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Overcoming the competition at White Rose Books Café
Competition from Amazon, electronic books, financial crises, rising overheads – Sue Lake has overcome all these challenges and more in building up White Rose Books Café in Thirsk to be the epitome of a thriving independent bookshop.
It is with wry amusement that Sue Lake remembers that when she was planning to open an independent bookshop in the mid-1990s, she aspired to emulate a national chain like Waterstones or Borders.
The idea of having a dusty old “traditional” bookshop that was more like a reading library than a forward-looking business was anathema to the 30-year-old English & American Literature graduate who had worked in corporate sales and marketing for large concerns like Kellogg’s.
Some 24 years after she opened her business, Sue tells her story to Bira magazine sitting in her busy White Rose Bookshop Café in Thirsk, North Yorkshire, which, with its individual air, sense of local community and a high percentage of books of local interest, could not be mistaken for a national multiple.
There are books, cards and gifts at the front of the ground floor and upstairs on a mezzanine. Also upstairs is an attractive “story room” with seating, baskets of books and tables to keep children occupied with activities.
Occupying the rear of the ground floor is the café, serving hot and cold locally-sourced food and drinks. It is busy with people who may or may not be interested in the books around them on a cold and windy November lunchtime – certainly, it is too wintry for anyone to be in the back garden.
As customers come and go, Sue reflects that the development of the business has been in several stages, some part of a forward-looking plan, others as reactions to outside forces.
“I was brought up in Thirsk and I returned when I was about 30 after attending Manchester University and then working as a sales rep for Kellogg’s in the north-west, which I loved,” Sue recalls. “My dad, Stephen Clements, was a local Barnardo’s Boy who had set up his own animal feeds company in Thirsk, so there was an entrepreneurial streak in the family.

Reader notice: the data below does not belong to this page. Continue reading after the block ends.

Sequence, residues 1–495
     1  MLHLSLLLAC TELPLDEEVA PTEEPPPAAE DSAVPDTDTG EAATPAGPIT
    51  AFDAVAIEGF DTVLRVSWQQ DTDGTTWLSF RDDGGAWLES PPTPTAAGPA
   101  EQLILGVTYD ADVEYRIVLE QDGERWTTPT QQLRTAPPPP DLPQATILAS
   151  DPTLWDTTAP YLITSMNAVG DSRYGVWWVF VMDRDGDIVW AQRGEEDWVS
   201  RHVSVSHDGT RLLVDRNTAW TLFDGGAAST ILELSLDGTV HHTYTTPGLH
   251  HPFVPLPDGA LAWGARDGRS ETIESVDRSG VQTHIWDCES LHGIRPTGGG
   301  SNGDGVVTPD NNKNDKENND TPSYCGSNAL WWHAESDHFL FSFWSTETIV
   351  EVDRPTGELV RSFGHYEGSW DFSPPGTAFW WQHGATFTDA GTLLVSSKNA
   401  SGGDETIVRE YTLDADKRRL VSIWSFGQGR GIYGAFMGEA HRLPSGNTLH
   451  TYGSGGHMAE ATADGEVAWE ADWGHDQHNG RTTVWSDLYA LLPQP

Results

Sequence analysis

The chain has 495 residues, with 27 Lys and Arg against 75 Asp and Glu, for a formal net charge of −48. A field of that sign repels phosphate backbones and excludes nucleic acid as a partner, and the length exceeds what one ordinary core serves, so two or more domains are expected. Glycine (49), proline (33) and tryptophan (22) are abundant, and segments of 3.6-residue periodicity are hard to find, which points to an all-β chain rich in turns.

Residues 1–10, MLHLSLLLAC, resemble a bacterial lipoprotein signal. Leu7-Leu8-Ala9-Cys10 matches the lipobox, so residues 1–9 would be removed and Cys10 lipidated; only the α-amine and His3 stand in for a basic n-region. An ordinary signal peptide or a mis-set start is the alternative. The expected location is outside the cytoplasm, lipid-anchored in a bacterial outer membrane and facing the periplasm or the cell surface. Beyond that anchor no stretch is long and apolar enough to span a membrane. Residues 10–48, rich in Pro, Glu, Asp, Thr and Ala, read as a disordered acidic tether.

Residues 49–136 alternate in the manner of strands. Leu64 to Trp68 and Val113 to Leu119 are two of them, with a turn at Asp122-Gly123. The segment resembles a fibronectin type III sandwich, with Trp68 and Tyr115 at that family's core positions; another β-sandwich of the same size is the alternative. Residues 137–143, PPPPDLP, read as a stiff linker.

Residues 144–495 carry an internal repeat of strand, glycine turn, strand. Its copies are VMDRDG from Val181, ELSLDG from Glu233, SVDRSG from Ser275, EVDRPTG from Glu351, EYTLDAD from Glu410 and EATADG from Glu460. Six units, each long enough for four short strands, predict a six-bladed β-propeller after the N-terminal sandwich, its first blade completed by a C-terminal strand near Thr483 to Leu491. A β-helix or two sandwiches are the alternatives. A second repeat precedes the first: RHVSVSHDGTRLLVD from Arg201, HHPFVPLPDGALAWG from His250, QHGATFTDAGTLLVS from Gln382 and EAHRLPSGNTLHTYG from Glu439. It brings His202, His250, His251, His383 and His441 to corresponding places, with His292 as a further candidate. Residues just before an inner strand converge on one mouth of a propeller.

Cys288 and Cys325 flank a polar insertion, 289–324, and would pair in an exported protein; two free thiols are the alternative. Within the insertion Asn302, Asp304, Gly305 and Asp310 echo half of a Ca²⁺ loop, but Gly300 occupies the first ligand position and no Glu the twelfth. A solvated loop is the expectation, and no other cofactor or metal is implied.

“I wanted to work for myself and I loved reading – I still do – so the idea of a bookshop really appealed. Right about the time we opened, the Net Book Agreement, a national system that controlled the retail prices of books across the industry, collapsed and was soon after ruled illegal, so the market was turned upside down just as we joined it. Essentially a price-fixing strategy disappeared virtually overnight, which meant that discounting prices could be used as a tool for marketing books for the first time.
“Coming from a classic marketing background, such a cheap way of promoting your goods was anathema to me, but it didn’t frighten us at all – we saw it as an opportunity to create something that wouldn’t be driven by price.”
The venture was very much a family affair, with Sue, her father Steve and mother Tina all involved (her sister Caroline Nicholls joined later). The rented premises they found on the town’s square was a slightly ramshackle three-storey period property, but only the small area at the front of the ground floor was used to begin with.
The first day of trading for White Rose Books (there was no café at the start) was 2 October 1995 and the first title sold, Sue can recall to this day, was Collins’ British Wildflower Guide at £6.95.
“The book trade is very supportive of new arrivals and through the Eastbourne-based wholesaler Gardners Books I did some work experience at The Grove Bookshop in Ilkley as I had no significant retail experience,” Sue recalls.
In those pre-internet days, the main competitor in a market town like Thirsk was the local supermarket discounting the latest John Grisham novel and given the family’s entrepreneurial zeal and local knowledge, the business prospered.
In 2001 the family bought the premises it occupied, which included two near-derelict cottages and a garden area at the back. With this asset, a simple café serving drinks and cold snacks was added, thanks to her father.
“Dad was the visionary, while I looked after the operations. Back then, about 20 years ago, the idea of having a café in a bookshop was very American. There certainly was no barista-style café in Thirsk at the time and personally I was a Nescafe Instant girl! But to learn about this new area, I went to see the passionate coffee experts Cooper’s Coffee in Huddersfield and came away with an idea of what we could offer. We opened our café in 2002 and updated the shop name.”
A local architect designed the mezzanine area at the rear of the building in 2001, replacing the old cottages. To complete a hectic period, shortly afterwards Sue acquired a local children’s book shop and relocated that business to her building.